New U.S. sanctions against Hezbollah officials, including two Lebanese lawmakers, amount to an assault on parliament and the country, Parliament Speaker Nabih Berri said on Wednesday.
The U.S. Treasury imposed sanctions on three top officials from the Iran-backed Hezbollah movement on Tuesday: two members of Lebanon's parliament and a security official who coordinates between Hezbollah and Lebanon's security agencies.
"It is an assault on the parliament and as a result an assault on all of Lebanon," Berri, the head of Hezbollah's ally the Amal party, said in a statement.
>> Read more: While Hezbollah threatens war, Israel and Lebanon quietly make history | Analysis ■ Hezbollah's most devastating threat to Israel? Not its missiles | Analysis
This was the first time the U.S. Treasury's Office of Foreign Assets Control had designated a member of Lebanon's Parliament under a sanctions list that targets those accused by Washington of providing support to terrorist organizations. Washington has designated Hezbollah as a terrorist group.
OFAC said it had added Amin Sherri and Muhammad Hasan Ra'ad, both members of Lebanon's Parliament, for acting on behalf of Hezbollah. In an unusual move, it also released photos of the individuals, including one in which Iranian Quds Force commander Qasem Soleimani has his arm around Sherri's shoulder.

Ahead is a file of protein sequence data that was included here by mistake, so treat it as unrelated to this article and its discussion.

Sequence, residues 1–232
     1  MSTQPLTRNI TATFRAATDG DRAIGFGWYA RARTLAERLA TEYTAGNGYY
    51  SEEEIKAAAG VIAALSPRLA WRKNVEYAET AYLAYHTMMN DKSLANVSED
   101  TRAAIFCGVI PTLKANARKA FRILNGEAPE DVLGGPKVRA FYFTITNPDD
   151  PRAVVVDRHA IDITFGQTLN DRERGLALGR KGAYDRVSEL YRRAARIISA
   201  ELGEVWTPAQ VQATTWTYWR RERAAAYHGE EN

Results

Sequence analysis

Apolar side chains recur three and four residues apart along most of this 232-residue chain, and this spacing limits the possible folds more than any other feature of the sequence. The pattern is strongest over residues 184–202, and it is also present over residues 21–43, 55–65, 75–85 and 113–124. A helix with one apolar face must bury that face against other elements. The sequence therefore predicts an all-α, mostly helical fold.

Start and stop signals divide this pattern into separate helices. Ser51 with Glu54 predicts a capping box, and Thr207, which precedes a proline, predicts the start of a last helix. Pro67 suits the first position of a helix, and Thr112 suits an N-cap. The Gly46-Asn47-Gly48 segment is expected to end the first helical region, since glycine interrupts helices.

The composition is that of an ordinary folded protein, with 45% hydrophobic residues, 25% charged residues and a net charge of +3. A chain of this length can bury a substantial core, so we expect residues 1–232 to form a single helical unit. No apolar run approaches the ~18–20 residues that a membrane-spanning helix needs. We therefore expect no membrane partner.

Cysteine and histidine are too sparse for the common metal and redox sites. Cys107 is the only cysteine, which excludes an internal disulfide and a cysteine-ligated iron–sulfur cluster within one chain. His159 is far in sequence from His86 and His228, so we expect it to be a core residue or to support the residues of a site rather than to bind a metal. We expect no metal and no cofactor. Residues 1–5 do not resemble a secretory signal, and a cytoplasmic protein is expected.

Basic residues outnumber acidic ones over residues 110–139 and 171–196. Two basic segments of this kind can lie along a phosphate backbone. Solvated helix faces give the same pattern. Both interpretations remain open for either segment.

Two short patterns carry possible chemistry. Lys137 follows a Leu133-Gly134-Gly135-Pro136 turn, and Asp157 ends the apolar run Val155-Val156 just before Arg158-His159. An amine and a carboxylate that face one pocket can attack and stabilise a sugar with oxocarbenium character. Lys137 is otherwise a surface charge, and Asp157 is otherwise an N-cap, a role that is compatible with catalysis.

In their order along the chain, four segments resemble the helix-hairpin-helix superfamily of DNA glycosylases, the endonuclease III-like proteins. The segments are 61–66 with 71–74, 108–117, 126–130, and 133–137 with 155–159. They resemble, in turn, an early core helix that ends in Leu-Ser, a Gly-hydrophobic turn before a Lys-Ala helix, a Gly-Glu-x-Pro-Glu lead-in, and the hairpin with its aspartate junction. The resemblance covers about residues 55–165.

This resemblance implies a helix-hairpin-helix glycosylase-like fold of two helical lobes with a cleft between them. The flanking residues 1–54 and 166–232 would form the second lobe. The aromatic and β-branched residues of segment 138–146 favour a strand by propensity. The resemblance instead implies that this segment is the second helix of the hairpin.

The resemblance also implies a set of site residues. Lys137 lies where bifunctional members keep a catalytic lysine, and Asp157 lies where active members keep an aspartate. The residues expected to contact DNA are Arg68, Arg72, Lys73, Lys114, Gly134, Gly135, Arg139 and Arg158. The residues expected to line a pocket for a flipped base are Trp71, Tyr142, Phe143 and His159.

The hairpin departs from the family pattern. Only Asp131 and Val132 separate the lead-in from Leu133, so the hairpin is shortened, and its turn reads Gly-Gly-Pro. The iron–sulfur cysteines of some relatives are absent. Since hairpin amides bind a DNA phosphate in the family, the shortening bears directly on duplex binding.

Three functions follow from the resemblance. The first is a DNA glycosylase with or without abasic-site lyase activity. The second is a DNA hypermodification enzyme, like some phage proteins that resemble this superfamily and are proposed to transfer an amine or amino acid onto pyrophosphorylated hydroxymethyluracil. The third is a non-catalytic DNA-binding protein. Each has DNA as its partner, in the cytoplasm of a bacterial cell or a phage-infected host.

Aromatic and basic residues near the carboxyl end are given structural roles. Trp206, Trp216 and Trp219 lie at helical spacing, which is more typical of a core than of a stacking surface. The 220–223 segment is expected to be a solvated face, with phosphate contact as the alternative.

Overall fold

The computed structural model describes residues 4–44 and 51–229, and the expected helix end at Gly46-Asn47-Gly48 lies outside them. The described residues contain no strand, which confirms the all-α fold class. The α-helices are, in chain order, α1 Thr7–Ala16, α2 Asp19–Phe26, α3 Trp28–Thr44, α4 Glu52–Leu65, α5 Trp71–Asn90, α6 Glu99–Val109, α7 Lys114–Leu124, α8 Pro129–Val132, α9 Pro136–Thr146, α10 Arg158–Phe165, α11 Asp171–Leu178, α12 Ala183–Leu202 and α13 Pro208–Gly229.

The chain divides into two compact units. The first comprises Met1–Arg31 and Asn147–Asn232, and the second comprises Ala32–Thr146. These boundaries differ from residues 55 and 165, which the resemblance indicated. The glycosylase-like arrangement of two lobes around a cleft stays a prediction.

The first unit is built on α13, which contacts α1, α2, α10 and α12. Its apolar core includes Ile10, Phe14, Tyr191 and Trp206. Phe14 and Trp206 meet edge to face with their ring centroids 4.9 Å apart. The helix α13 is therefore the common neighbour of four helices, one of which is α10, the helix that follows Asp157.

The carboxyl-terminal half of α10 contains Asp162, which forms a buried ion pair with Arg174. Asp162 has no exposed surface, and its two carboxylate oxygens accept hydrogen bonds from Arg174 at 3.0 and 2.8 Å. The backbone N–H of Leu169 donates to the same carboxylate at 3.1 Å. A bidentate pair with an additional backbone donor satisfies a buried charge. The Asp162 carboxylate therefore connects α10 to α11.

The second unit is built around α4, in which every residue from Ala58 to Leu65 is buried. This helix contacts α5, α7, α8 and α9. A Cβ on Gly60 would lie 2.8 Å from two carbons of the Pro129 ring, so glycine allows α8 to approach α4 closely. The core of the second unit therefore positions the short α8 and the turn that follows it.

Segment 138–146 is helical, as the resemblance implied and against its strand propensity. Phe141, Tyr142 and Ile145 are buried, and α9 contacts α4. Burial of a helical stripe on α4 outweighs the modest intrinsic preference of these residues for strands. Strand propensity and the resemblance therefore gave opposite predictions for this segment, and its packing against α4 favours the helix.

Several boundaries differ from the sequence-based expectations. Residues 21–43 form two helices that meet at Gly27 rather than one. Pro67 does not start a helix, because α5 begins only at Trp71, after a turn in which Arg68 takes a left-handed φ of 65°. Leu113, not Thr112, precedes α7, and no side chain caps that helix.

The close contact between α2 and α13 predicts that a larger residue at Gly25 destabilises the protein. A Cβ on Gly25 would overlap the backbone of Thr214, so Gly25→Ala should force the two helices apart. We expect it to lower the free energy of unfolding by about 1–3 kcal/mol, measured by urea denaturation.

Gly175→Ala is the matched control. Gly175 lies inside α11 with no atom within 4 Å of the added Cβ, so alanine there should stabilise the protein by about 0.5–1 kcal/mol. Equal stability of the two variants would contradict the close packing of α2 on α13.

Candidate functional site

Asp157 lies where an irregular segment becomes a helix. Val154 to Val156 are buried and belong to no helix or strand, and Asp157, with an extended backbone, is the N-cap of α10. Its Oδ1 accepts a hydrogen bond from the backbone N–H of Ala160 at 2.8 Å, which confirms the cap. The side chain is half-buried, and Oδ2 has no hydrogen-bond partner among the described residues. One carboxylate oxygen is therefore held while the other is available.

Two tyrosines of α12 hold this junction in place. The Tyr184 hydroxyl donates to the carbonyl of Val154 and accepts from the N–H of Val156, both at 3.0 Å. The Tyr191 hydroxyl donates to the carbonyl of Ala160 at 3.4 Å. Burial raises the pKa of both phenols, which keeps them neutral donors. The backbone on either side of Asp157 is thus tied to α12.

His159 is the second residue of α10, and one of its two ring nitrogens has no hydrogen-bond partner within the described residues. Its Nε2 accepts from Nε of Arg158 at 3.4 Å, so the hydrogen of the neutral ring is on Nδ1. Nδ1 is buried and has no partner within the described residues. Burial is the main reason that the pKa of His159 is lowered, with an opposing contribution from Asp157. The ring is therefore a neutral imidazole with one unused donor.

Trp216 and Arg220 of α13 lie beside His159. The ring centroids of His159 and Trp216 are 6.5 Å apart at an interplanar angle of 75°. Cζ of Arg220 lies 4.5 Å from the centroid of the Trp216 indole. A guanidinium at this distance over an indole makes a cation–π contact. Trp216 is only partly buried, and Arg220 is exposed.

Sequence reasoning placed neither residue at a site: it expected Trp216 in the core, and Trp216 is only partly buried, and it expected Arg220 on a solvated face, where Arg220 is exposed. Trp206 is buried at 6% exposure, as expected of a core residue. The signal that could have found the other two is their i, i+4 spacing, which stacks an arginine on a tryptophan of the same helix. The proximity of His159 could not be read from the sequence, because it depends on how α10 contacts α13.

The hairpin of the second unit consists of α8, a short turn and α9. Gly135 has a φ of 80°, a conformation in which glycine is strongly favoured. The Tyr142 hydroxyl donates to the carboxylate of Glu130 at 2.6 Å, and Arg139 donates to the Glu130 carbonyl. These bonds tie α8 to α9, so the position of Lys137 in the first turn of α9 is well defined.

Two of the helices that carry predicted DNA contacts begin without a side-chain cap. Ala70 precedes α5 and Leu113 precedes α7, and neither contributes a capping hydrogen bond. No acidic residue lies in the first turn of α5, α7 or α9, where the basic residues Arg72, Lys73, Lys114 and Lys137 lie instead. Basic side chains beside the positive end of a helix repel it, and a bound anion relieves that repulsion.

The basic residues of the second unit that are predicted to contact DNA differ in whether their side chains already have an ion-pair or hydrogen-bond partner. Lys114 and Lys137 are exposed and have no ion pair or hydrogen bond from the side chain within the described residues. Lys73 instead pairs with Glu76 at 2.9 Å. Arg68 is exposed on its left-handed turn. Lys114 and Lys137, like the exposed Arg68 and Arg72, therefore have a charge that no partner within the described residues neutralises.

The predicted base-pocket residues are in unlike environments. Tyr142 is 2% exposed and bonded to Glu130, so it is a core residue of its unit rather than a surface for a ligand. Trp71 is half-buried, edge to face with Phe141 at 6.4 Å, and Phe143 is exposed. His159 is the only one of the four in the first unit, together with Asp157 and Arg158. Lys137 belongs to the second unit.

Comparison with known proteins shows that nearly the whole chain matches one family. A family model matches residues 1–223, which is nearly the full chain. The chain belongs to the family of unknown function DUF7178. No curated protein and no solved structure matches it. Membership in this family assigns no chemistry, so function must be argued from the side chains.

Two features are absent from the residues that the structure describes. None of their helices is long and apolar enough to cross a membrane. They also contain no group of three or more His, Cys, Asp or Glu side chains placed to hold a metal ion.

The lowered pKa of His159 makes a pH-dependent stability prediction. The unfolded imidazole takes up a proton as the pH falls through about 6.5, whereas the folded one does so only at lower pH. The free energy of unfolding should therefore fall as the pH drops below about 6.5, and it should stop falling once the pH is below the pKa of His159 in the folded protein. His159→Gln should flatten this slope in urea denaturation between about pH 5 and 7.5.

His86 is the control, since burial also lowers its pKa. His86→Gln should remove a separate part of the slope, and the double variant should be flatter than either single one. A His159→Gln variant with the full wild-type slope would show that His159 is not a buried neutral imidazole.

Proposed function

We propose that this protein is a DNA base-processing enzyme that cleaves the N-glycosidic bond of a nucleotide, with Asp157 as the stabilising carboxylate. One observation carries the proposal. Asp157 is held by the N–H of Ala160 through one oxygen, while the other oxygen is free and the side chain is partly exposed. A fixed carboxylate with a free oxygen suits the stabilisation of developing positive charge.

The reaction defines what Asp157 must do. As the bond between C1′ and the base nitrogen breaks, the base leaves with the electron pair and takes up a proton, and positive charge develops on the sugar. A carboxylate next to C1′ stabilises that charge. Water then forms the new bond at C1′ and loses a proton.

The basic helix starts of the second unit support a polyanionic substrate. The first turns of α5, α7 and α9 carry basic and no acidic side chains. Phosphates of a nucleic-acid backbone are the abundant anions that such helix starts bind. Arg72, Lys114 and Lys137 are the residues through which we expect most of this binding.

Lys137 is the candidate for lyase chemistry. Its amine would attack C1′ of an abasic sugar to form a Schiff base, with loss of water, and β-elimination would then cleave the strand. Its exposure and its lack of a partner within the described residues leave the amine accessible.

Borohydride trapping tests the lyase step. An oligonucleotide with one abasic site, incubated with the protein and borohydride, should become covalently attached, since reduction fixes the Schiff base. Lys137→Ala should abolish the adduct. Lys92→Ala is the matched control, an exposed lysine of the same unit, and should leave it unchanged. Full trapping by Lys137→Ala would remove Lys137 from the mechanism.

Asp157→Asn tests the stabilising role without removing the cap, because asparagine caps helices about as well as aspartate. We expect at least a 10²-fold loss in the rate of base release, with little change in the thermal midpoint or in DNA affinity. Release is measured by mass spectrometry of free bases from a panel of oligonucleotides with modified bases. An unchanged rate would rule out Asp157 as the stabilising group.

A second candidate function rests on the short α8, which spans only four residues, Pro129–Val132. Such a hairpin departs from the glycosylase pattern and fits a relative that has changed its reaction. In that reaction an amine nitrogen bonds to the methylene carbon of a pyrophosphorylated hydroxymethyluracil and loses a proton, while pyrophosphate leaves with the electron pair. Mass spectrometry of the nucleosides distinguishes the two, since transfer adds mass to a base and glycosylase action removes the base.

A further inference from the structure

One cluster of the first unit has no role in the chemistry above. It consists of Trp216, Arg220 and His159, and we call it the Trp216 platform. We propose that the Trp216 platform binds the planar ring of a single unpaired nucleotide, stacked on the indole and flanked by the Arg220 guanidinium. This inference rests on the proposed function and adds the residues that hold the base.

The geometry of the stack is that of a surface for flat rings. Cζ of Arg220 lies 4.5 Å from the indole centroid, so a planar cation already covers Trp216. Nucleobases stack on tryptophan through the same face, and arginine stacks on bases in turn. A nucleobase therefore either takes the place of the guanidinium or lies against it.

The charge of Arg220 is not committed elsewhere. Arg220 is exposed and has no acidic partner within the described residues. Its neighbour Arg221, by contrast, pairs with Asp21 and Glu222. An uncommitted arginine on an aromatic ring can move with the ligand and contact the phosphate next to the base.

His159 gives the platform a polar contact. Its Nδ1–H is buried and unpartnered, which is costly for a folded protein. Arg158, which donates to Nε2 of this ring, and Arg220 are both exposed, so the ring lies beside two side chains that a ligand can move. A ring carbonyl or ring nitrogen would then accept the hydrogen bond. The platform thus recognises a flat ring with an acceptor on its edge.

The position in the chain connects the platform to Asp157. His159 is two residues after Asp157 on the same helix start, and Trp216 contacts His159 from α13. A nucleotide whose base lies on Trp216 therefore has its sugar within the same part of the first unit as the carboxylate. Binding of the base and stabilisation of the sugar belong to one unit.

OFAC said it also designated Wafiq Safa, who is in charge of Hezbollah's Liaison and Coordination Unit responsible for coordinating with Lebanese security agencies.
- U.S. sanctions top Hezbollah figures, including two members of Lebanese parliament
- Iran's release of Lebanese-American resident was failed overture to U.S., sources say
- 'Reinvigorated' UN forces in Lebanon would limit Iran's influence, ex-Israeli military chief says
The action by the U.S. Treasury bars U.S. citizens from dealing with the three individuals and blocks any assets they may hold in the United States. It also limits their ability to access the U.S. financial system.
A Trump administration official who briefed reporters on the sanctions said the United States wanted the designations to have a "chilling effect" on anyone who does business with Hezbollah.